Would you get gastric bypass surgery to reverse your Type 2 Diabetes?
In the past, gastric bypass surgery was considered a treatment reserved only for people who were at a medically determined heavier weight. However, recent studies have shown that this type of surgery can also be an effective way to reverse diabetes.
While there are many different methods that have been studied to reverse diabetes, gastric bypass surgery is one of the most promising. This is because it has been shown to be effective in helping people to lose a significant amount of weight. And weight loss directly helps improve insulin sensitivity and control blood sugar levels.
So yes, gastric bypass surgery has been shown to reverse Type 2 Diabetes.
One study claimed half of the people with type 2 diabetes had long-term respite after having gastric bypass surgery1https://www.sciencedaily.com/releases/2021/07/210727171635.htm.
Indeed, gastric bypass may offer a way to control blood sugar levels without medication.
Recently, this surgery is the preferred procedure for people who have both Type 2 Diabetes and are medically over the recommended weight. This is because the surgery can help to improve both conditions.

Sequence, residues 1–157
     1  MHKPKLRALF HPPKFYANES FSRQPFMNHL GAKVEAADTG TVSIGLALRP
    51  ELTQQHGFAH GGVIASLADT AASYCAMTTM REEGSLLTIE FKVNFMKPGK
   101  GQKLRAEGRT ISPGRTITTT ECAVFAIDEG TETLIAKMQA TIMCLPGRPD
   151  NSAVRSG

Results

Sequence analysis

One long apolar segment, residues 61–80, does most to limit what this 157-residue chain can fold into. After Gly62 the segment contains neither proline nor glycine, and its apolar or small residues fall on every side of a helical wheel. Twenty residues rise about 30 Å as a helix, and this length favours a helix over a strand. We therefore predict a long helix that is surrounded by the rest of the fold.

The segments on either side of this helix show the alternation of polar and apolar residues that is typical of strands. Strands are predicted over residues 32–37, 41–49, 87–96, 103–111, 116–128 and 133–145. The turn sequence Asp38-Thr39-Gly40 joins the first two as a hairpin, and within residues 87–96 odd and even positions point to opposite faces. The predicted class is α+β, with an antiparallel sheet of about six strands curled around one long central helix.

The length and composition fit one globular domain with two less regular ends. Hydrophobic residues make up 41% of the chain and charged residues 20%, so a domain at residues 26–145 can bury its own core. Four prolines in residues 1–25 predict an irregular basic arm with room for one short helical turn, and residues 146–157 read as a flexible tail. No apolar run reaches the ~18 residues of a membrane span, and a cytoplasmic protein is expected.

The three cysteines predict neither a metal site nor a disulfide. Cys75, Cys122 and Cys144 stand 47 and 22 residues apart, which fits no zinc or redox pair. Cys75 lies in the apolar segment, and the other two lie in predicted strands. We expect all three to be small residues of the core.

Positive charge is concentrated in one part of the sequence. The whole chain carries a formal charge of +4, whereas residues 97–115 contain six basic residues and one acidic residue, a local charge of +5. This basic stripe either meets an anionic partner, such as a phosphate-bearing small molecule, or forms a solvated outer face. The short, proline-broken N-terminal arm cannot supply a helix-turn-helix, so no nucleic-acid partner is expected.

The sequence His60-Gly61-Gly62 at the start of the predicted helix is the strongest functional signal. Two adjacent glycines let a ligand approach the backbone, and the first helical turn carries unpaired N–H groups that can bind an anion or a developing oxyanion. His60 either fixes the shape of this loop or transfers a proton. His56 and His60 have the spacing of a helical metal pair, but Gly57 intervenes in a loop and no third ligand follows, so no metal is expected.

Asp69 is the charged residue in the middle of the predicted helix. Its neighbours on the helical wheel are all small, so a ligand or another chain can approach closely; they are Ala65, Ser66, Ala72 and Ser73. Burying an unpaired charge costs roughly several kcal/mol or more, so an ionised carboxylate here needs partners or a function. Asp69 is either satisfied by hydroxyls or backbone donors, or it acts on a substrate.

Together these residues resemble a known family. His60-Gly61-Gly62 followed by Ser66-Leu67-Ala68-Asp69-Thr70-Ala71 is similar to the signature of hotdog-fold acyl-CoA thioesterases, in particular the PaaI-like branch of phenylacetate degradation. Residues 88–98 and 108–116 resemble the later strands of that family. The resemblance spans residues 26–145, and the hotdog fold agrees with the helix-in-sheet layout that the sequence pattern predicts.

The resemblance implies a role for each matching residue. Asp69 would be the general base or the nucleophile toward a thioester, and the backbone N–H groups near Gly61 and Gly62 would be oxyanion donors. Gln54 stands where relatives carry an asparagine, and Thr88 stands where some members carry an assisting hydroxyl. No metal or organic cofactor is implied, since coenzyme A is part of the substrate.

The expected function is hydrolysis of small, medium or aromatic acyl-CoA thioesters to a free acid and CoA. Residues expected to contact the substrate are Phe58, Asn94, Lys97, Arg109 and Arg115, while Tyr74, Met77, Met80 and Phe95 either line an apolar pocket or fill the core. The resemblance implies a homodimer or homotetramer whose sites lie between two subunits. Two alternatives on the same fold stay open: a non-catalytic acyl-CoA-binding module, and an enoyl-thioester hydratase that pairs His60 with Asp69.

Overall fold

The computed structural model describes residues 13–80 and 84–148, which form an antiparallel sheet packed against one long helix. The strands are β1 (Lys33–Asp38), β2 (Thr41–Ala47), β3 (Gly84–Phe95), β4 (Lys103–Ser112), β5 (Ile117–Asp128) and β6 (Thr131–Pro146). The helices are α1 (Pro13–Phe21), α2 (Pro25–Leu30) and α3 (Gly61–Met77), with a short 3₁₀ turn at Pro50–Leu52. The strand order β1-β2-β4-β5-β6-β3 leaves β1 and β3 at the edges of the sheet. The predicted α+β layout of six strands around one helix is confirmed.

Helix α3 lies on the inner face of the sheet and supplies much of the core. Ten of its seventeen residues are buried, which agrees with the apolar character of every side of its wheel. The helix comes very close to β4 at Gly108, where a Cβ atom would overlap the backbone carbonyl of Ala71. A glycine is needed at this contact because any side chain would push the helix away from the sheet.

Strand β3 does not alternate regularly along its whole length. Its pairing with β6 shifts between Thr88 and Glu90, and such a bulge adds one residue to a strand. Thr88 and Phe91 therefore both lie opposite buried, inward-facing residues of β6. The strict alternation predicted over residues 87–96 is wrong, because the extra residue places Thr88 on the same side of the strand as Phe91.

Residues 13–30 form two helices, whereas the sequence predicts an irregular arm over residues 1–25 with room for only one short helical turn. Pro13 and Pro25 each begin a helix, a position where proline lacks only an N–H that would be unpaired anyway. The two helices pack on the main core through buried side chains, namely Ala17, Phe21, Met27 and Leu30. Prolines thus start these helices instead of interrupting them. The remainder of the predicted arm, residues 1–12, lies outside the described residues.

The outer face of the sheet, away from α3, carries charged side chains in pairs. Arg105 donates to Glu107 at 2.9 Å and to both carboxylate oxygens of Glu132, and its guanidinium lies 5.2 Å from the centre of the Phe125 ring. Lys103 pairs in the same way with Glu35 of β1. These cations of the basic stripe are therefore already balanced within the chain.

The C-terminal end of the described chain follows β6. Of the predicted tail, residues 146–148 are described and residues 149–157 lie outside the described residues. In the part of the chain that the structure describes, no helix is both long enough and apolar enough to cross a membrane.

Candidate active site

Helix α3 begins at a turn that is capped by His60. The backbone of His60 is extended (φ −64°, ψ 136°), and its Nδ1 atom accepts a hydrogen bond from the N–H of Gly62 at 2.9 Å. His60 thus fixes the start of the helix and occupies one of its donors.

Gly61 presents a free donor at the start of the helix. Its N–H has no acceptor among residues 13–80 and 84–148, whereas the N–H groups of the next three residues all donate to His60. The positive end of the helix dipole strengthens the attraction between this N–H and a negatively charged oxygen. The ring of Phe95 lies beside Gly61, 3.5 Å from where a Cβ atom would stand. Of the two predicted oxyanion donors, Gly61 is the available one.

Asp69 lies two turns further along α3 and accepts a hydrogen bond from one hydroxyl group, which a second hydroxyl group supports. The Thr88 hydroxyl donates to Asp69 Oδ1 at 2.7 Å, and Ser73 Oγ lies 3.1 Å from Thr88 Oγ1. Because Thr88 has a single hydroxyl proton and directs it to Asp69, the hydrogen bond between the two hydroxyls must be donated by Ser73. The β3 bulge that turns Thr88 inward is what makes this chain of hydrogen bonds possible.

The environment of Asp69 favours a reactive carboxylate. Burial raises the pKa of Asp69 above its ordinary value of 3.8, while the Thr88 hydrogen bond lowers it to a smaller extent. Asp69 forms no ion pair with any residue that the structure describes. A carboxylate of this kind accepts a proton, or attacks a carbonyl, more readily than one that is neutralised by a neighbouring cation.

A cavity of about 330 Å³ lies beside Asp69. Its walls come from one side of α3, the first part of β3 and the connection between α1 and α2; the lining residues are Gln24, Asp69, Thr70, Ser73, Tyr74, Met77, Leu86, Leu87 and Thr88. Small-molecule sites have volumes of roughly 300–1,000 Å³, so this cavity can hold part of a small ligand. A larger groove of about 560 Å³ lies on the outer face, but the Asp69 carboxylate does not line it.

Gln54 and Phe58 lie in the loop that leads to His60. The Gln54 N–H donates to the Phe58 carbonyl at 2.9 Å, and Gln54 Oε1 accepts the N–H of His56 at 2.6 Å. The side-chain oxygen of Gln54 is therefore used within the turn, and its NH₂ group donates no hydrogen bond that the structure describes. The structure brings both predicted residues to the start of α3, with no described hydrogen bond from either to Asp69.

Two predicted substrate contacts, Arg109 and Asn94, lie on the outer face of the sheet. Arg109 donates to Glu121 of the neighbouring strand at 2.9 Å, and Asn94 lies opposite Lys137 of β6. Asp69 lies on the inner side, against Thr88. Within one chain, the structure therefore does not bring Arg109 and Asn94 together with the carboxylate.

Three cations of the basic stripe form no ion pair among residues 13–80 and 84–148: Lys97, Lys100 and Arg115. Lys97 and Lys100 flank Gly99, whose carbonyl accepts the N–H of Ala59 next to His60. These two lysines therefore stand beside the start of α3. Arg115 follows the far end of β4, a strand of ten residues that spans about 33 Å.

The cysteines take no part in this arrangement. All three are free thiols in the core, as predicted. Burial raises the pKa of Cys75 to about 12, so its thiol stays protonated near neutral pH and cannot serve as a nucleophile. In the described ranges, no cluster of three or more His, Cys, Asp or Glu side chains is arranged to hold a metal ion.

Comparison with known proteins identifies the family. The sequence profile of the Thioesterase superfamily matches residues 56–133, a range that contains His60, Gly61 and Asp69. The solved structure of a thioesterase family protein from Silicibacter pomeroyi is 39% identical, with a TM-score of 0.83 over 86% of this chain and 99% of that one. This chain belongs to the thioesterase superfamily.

RYGB (Roux-en-Y Gastric Bypass) surgery works by helping patients to lose weight and then keep the weight off long-term. Also, the surgery can also help to improve insulin resistance, which is a major cause of Type 2 Diabetes.
What are the types of Gastric Bypass surgery that can help reverse Type 2 Diabetes?
- Lap band surgery is a common type of bariatric surgery that involves placing a band around the stomach to create a small pouch for food. This reduces the amount of food that can be consumed and leads to weight loss.
- Gastric bypass surgery is another type of bariatric surgery. It involves creating a small stomach pouch and attaching it to the small intestine. This allows food to bypass the larger stomach, leading to reduced calorie intake and weight loss.
Based on a clinical study, the majority of patients who undergo bariatric surgery experience a remission of their diabetes. In some cases, up to 90% of patients see a significant improvement in their condition within the first few months after surgery. 2https://jamanetwork.com/journals/jamasurgery/fullarticle/2762479#:~:text=Findings%20In%20this%20cohort%20study,5%20years%20of%20follow%2Dup
But, it is important to note that this is not a cure for diabetes.
Type 2 Diabetes patients still need to track their blood sugar levels and make lifestyle changes to maintain their health over the long term.